Two underwater robots deployed Friday by Mote Marine Laboratory and the University of South Florida (USF) are helping scientists learn about the offshore bloom of Florida red tide in the Gulf and the ocean conditions that might be affecting it.
The bloom – first reported offshore in a statewide update issued July 25 by the Florida Fish and Wildlife Conservation Commission (FWC) – is presently offshore of Hernando and Pasco Counties and appears to be 80 miles long, 50 miles wide and 40-90 miles offshore, according to satellite images. (See the latest update from FWC.)
While satellites capture the bloom’s surface appearance, only underwater robots and water sampling crews can verify the presence of the red tide algae, Karenia brevis, and detect the bloom beneath the surface. While scientists on boats can return water samples to the lab for more detailed analyses, robots can stay in the environment much longer, work in challenging weather and gather more data per mission.
Mote’s robot, an autonomous underwater vehicle (AUV) nicknamed “Waldo,” carries a Mote-designed red tide detector called an optical phytoplankton discriminator, nicknamed the “BreveBuster.” This instrument examines microscopic algae in the water and tells scientists how closely they resemble K. brevis. In addition, Waldo’s equipment measures salinity and temperature – two physical factors that can affect blooms and help scientists develop better short-term forecasts of bloom movement.
USF’s AUV, nicknamed “Bass,” collects physical and optical oceanography data, including chlorophyll from algae, oxygen levels and water clarity. Data from both AUVs will support mathematical modeling of the bloom for short-term forecasts developed by the USF-FWC Collaboration for the Prediction of Red Tides.
“The team effort between our AUVs is crucial,” said Dr. L. Kellie Dixon, manager of the Ocean Technology Program at Mote. “The bloom is large and one AUV would have difficulty surveying all of it within a reasonable amount of time. Each AUV also has its own strengths – Waldo is equipped to sense the presence of red tide, important for ground-truthing the satellite images, while Bass is designed to make deeper dives further offshore.”
Waldo is programmed to move south along the shallower eastern edge of the bloom while Bass is set to move south along the deeper, western edge. Both gliders will dive up and down, collecting data at various depths and then surfacing every few hours to send updates to scientists using satellite transmitters in their tails.
Results so far: Since deployment on Friday, Waldo has been patrolling to within about 40 miles from the Pasco/Hernando border and has found red tide at the surface and to depths of about 25 meters (82 feet) in areas where it was indicated by satellites. Bass has been transecting the outer portion of the bloom and has found elevated chlorophyll associated with the red tide into waters as deep as 40 meters (131 feet).
Both gliders indicate stratified (or layered) water, with warmer and fresher water on the surface, and an abrupt transition to colder, saltier water at mid-depth.
Where are Waldo and Bass?
The public can see Waldo’s position by visiting: http://coolcloud.mote.org and clicking “Glider Operations,” and Google Earth users can see Waldo and Bass’ positions at: http://ooma.marine.usf.edu/CROW/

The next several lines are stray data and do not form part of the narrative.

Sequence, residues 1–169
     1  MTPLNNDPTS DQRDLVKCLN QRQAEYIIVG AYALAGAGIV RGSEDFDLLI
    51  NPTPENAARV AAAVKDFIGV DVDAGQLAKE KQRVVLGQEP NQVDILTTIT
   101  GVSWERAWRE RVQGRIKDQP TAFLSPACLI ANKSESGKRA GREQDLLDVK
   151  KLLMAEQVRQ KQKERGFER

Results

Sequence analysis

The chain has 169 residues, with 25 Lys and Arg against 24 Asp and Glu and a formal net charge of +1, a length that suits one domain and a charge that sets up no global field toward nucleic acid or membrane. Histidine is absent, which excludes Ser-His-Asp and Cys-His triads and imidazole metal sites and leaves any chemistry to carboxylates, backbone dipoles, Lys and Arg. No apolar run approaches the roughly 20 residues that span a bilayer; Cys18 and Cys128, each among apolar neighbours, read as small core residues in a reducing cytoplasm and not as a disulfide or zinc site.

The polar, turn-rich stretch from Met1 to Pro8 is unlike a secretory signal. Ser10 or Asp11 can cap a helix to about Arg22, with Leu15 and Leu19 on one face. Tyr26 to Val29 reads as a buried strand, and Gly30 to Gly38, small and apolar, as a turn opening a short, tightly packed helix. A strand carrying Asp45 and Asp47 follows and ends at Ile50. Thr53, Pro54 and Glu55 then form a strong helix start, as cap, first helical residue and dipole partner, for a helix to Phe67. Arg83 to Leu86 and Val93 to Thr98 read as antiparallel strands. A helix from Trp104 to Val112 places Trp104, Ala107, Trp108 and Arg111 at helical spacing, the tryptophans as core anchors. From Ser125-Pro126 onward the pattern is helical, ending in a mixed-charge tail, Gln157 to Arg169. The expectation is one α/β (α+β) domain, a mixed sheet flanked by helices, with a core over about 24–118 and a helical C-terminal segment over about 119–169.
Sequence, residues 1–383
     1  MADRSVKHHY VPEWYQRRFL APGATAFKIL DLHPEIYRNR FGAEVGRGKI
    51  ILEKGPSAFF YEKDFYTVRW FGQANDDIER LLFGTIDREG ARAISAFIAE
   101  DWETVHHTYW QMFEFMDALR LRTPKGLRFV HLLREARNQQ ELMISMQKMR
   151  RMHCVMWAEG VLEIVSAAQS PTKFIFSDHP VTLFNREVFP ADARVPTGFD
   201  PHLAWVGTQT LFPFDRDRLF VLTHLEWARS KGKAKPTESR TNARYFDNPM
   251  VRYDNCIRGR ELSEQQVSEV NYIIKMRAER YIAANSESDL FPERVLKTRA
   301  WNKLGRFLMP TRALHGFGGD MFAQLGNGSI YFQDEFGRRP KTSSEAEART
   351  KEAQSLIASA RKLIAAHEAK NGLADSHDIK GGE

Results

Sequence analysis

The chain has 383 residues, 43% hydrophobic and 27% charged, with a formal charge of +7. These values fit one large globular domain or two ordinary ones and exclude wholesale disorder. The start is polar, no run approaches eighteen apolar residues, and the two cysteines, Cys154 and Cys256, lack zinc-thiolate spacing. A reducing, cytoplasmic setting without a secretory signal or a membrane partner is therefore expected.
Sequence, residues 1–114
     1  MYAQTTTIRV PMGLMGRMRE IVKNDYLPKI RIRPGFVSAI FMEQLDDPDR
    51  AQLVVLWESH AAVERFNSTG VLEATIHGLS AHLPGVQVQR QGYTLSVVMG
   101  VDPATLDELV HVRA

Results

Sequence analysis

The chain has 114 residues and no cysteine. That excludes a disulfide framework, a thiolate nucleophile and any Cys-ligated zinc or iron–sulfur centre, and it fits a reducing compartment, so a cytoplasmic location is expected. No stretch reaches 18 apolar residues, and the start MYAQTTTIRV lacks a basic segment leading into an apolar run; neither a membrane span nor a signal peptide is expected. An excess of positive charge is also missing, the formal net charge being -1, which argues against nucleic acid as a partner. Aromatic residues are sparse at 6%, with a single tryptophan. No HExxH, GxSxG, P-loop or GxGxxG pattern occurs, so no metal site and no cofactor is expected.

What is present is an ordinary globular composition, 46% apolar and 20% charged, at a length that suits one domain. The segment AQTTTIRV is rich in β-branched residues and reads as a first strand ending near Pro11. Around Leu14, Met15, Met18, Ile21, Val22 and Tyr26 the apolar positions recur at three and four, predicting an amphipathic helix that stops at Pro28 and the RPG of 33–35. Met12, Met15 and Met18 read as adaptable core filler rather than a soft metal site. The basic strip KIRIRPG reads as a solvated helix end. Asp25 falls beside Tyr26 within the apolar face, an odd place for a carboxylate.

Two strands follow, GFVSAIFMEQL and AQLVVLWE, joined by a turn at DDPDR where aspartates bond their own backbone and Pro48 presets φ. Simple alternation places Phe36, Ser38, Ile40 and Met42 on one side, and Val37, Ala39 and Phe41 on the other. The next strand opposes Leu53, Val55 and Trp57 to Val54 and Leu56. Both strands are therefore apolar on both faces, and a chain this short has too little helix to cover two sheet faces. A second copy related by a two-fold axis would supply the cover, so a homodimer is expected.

Through underwater robot missions and other monitoring efforts, Mote and USF are partners in a major environmental monitoring collaboration called GCOOS – the Gulf of Mexico Coastal Ocean Observing System. GCOOS provides timely information about the environment of the U.S. portion of the Gulf of Mexico and its estuaries for use by decision-makers, including researchers, government managers, industry, the military, educators, emergency responders and the general public. Both gliders are reporting data to GCOOS’s Data Portal (http://gcoos.org/products/) in support of these efforts.
“In the future, we’d really like to compliment satellite imagery in the Gulf of Mexico with our underwater robots’ findings continuously, so that we can see what’s going on below the surface before a bloom initiates and starts killing fish and potentially impacting our coastlines,” said USF’s Chad Lembke, recently named leader of the Gulf Glider Task Team organized by GCOOS to assist in the coordination of glider efforts in the Gulf region. (“Glider” is another name for these AUVs or underwater robots.)
Red tide resources:
Statewide red tide updates and info from FWC: http://myfwc.com/redtide
Statewide updates in the HAB Bulletin from NOAA: http://tidesandcurrents.noaa.gov/hab/
Red tide information from Mote, including FAQs and the Beach Conditions Report: a monitoring system for red tide impacts on multiple Florida beaches: http://mote.org/news/environment-updates#RedTide
Learn about red tide on Facebook from this FWC-Mote page about Florida’s harmful algal blooms: www.facebook.com/flhabs
Latest model forecasts from USF-FWC Collaboration for Prediction of Red Tides at: http://cprweb.marine.usf.edu/
Founded in 1955, Mote Marine Laboratory & Aquarium is an independent, nonprofit 501(c)3 research organization based in Sarasota, Fla., with field stations in eastern Sarasota County, Charlotte Harbor and the Florida Keys. Mote has 24 research programs and a variety of initiatives dedicated to today’s research for tomorrow’s oceans with an emphasis on world-class research relevant to conservation and sustainable use of marine biodiversity, healthy habitats and natural resources. Mote’s vision includes positively impacting public policy through science-based outreach and education. Showcasing this research is The Aquarium at Mote, open from 10 a.m. to 5 p.m. 365 days a year. Learn more at www.mote.org.